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“Double whammy”: SMEs suffering from flood and pandemic devastation

‘DOUBLE WHAMMY’: Queensland businesses need timely support to recover from combined COVID and flood devastation

Queensland businesses suffering from the compounding impact of the COVID economic crisis, and the recent flooding need timely access to financial and emotional support.

Chamber of Commerce and Industry Queensland (CCIQ) CEO Heidi Cooper said the flood impact across multiple Queensland regions was off the back of two years of COVID economic and health crisis; and many businesses were already financially and emotionally exhausted.

For some businesses, the disaster risk is not over with ongoing weather impacts in some Queensland regions.

“Queensland businesses and the communities they support are already struggling through the impacts of COVID and are now directly affected during extreme weather events across the state. This has a compounding impact on their operations and staff,” Ms Cooper said.


“The December quarter pulse results reported Queensland business confidence was already low as a result of COVID-19.

“For many businesses, the recent flooding has been a cruel double-whammy.”

Ms Cooper said there were wide-spread direct impacts across agriculture, especially the Lockyer Valley food bowl, exporters, manufacturers and wholesale, including industrial areas flooded in Rocklea and Ipswich, retail and restaurants in direct flooding areas.

More than 340,000 businesses are in the direct and indirectly impacted disaster area in the Southeast Queensland region, across the Brisbane, Ipswich, Gold Coast and Sunshine Coast regions, while Gympie up to Maryborough and Toowoomba and the Southern Downs are also affected.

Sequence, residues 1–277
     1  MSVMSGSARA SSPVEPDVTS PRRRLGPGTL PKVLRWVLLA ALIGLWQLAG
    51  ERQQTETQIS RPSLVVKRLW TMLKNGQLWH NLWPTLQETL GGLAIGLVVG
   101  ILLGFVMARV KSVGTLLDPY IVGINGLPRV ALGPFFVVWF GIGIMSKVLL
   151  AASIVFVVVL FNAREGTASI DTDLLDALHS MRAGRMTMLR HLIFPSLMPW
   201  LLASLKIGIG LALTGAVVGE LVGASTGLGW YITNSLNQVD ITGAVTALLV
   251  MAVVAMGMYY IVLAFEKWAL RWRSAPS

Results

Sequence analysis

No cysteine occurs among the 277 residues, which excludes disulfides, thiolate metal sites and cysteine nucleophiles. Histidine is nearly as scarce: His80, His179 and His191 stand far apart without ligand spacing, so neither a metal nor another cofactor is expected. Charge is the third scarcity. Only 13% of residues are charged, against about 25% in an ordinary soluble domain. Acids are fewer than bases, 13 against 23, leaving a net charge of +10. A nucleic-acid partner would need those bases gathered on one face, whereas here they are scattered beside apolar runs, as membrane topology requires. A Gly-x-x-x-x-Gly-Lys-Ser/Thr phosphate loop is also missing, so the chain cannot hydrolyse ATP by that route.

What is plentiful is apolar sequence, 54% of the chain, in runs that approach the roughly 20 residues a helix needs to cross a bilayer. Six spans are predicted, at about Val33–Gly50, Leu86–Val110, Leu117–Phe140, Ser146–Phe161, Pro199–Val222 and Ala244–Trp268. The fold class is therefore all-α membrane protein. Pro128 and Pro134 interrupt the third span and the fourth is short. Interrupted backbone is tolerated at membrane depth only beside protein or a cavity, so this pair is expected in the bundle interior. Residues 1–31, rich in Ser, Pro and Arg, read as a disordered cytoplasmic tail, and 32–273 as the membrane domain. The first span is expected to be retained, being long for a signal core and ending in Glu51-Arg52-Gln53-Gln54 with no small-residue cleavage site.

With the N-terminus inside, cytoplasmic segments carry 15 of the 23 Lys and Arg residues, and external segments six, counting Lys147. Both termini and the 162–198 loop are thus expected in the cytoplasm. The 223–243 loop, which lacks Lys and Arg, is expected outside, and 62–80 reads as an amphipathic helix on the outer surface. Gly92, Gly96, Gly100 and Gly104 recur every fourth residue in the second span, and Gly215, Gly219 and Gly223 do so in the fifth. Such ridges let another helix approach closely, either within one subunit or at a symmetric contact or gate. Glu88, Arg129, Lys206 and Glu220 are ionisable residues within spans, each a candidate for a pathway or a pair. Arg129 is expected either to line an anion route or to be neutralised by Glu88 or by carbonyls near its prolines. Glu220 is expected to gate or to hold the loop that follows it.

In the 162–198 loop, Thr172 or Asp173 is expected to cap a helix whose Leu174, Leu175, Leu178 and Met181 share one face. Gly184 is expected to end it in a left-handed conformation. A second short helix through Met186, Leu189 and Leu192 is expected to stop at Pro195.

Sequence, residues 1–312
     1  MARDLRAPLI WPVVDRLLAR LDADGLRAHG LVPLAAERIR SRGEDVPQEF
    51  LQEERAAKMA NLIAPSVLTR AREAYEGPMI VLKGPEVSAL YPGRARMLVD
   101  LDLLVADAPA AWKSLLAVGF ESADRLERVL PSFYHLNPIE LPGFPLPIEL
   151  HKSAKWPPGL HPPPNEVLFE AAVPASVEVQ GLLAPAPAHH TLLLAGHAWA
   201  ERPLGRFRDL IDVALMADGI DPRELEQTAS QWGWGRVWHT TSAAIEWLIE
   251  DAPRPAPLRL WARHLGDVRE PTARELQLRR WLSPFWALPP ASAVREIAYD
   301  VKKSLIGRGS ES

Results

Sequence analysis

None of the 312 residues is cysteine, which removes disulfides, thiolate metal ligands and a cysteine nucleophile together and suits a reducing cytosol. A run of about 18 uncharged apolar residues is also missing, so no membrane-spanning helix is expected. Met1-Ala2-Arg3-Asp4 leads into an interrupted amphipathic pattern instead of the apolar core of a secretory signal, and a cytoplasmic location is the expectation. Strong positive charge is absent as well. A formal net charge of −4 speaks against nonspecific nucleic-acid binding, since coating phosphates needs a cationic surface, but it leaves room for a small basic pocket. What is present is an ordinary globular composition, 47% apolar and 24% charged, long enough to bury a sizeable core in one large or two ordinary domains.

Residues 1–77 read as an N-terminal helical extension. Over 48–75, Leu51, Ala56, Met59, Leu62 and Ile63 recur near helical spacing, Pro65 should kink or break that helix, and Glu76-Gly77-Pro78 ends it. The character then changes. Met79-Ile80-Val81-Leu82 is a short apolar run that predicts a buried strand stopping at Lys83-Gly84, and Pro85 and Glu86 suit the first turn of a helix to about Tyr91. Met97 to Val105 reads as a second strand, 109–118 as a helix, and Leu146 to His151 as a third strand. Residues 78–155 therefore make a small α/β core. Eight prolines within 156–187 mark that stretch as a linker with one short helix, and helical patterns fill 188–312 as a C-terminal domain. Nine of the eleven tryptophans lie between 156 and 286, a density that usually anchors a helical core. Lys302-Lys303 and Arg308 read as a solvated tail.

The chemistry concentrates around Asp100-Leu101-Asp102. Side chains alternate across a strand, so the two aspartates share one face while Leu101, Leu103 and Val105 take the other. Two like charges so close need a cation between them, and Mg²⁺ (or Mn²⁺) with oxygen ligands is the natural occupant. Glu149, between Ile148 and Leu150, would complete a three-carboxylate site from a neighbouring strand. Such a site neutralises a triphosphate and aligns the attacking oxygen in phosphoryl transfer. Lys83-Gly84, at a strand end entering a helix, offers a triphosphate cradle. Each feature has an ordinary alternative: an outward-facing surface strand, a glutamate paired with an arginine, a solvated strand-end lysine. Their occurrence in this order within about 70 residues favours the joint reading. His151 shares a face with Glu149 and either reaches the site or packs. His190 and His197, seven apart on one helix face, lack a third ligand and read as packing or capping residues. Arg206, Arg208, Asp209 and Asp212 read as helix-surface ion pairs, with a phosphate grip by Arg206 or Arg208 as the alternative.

Ms Cooper said businesses had also reported compounding impacts through supply chains and staff mobility issues which were also experienced during COVID.

“We’re hearing heart-warming stories from CCIQ members across that disaster zone from Gympie to the Gold Coast and west, demonstrating the true resilience and commitment of Queensland communities and businesses,” Ms Cooper said.

“CCIQ’s helpline is open for businesses requiring employee assistance support and we are working with our members to better understand what other support they need whether mental health, insurance or direct clean up.

“Now is the time for us all to be supporting Queensland to get back to business.”

Ms Cooper said the speed of assistance availability was paramount.

“During past floods in Queensland, such as those in 2011, directly impacted businesses reported an average damage bill of more than $360,000 and an average loss of earnings of more than $460,000,” she said.

“For that reason, impacted businesses are going to need to see immediate timely support to get them through and significant financial and emotional government assistance now and through recovery.

“While grants and loans can be activated now for small businesses directly impacted during natural disasters, through the Disaster Recovery Funding Arrangements, what we also need to see is a support package for Queensland businesses which considers the holistic view of the real impacts being felt in the current day, and not as an isolated extreme weather event.

“The priority is to get businesses open and operating and getting support to those directly impacted as soon as possible.

“It’s also essential these businesses and their staff are emotionally supported during this time and we’re calling for government support to make sure this happens.”


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